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Market Commentary for the week ending January 30th, 2021
- Stock markets around the world sold off leaving the S&P 500 and Dow Industrials negative for the year.
- A flood earnings reports were overshadowed by concerns of potential economic slowdown and more.
- Home prices accelerated late in 2020 although there are signs this could be slowing.
This Week’s Performance Highlights
- Stocks prices dropped sharply for the week with large U.S. stocks, measured by the S&P 500, down -3.4% while the Dow Industrials helped up fractionally better and the NASDAQ Composite lost a fraction more. Year-to-date the S&P 500 is down -1.0%, the Dow Industrials are off -2.0%, and the NASDAQ is holding onto a gain of +1.4%.
- This week’s selloff was widespread with every sector declining. Investor favored the more conservative groups such as utilities and consumer staples, both still down but only by -1.1% and -1.5% respectively, while others such as energy and financials lost -6.5% and -4.6%.
- Small U.S. stocks fared worst than large down -4.4% but are still higher for the year by +4.9%.
- International stocks performed similar to those in U.S. with developed country stocks down -3.7%. Emerging markets performed worse, off -4.5%, but much like small U.S. stocks are still higher for the by +3.2%.
- Real estate stocks held up relatively well this week down just -1.2% and off -0.2% for the year. This group remains nearly -20% off its 2020 all-time highs while the S&P 500 is less than -4% from it record high a week ago.
- Gold lost just -0.7% for the week holding up better than nearly all other investments which is often the case during broad market selloffs. Commodities prices were actually higher by +1.1% adding to their year-to-date gain of +4.7%. Among the various commodities, silver was one of the biggest winners gaining +12.6% for the week and has surged +59% since the start of 2020 just 13 months ago.
- Bond prices overall posted a small +0.1% gain with the yield on the U.S. 10-Year Treasury closing slightly lower at 1.072%. The Federal Reserve, as expected, reaffirmed its policy of easy money and intent to keep interest rates.
Actively managed mutual funds suffered a record $289 billion of outflows continuing a decade-long trend as investors and advisors embrace lower cost index funds and exchange-traded funds (ETFs). American Funds, Dimensional Fund Advisors, and T. Rowe Price were among the mutual funds companies experiencing the biggest losses Vanguard, BlackRock, and State Street Global Advisors were among the recipients of sizeable fund inflows.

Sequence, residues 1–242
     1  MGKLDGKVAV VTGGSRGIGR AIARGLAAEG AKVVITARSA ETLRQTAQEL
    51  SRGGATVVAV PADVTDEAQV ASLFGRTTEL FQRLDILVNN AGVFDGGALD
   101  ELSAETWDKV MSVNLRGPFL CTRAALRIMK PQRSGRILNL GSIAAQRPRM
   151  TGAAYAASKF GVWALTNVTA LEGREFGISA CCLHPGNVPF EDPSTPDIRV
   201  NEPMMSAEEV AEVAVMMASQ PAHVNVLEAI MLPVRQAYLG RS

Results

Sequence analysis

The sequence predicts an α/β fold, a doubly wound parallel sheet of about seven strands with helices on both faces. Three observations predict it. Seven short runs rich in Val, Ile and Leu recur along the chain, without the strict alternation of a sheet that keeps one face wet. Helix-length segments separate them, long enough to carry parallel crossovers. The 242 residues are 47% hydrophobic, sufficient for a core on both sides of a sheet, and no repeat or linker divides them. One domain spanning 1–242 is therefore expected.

Margin debt, or the total amount of money borrowed by investors via their investment portfolio, has surged +62% from its recent low last March to a record high $778 billion. Low interest rates are helping fuel this borrowing boom which in turn is one driver of added speculation in the market.
The U.S. economy, Gross Domestic Product (GDP), grew at an annualized rate of +4.0% during the fourth quarter as it continues to recovery from the pandemic shutdown. This was slower growth than had been hoped for due to the record wave of COVID cases sweeping the country. Although the headline GDP number was a bit of a disappointment, there were bright spots including business spending on equipment jumped +25% and investments in new housing surged +33.5%.
For the year the economy contracted by -3.5% making it the worst year since 1946. Looking forward there continues to be optimism as the country continues to reopen with economists surveyed by the Wall Street Journal forecasting a slowed first quarter, as illustrated below, followed by a pickup in growth for the remainder of the year.
Source: www.WSJ.com survey of more than 60 economists
Durable Good Orders, orders for such things as tools, appliances, and new cars, increased by +0.2% in December making this the eighth consecutive monthly improvement. Although December’s gain was below economists’ forecast, much of that was due to the volatile transportation sector.
The housing market continues to be red hot with the S&P Case-Shiller Home Price Index accelerating in the most recent month up +9.5% year-over-year. The price gains were geographically broad with 19 of the 20 largest cities showing gains (Detroit did not report due to data collection issues related to COVID). There are signs that the demand for homes is slowing from the 2020 summer highs due in part to mortgage rates inching higher but inventories remain very low which should help keep prices up.
Consumer Confidence edged higher to an index reading of 89.3 from 87.1 the month before. Digging into the details of the report shows that people’s view of the current economic environment worsened while the expectations over the next 6 months jumped sharply on expectations of wider access to vaccines that will drive continued growth of the economy.
New Home Sales grew by +1.6% in December to an annualized rate of 842,000 homes. Geographically though it was a mixed bag with the Midwest seeing a +30.6% jump while numbers in South and Northeast were down. Bigger picture sales where higher by +15% for the year.
Upcoming Economic Reports
- Employment Report
- Factory Orders
- ISM Manufacturing Index
- ISM Services Index
- Motor Vehicle Sales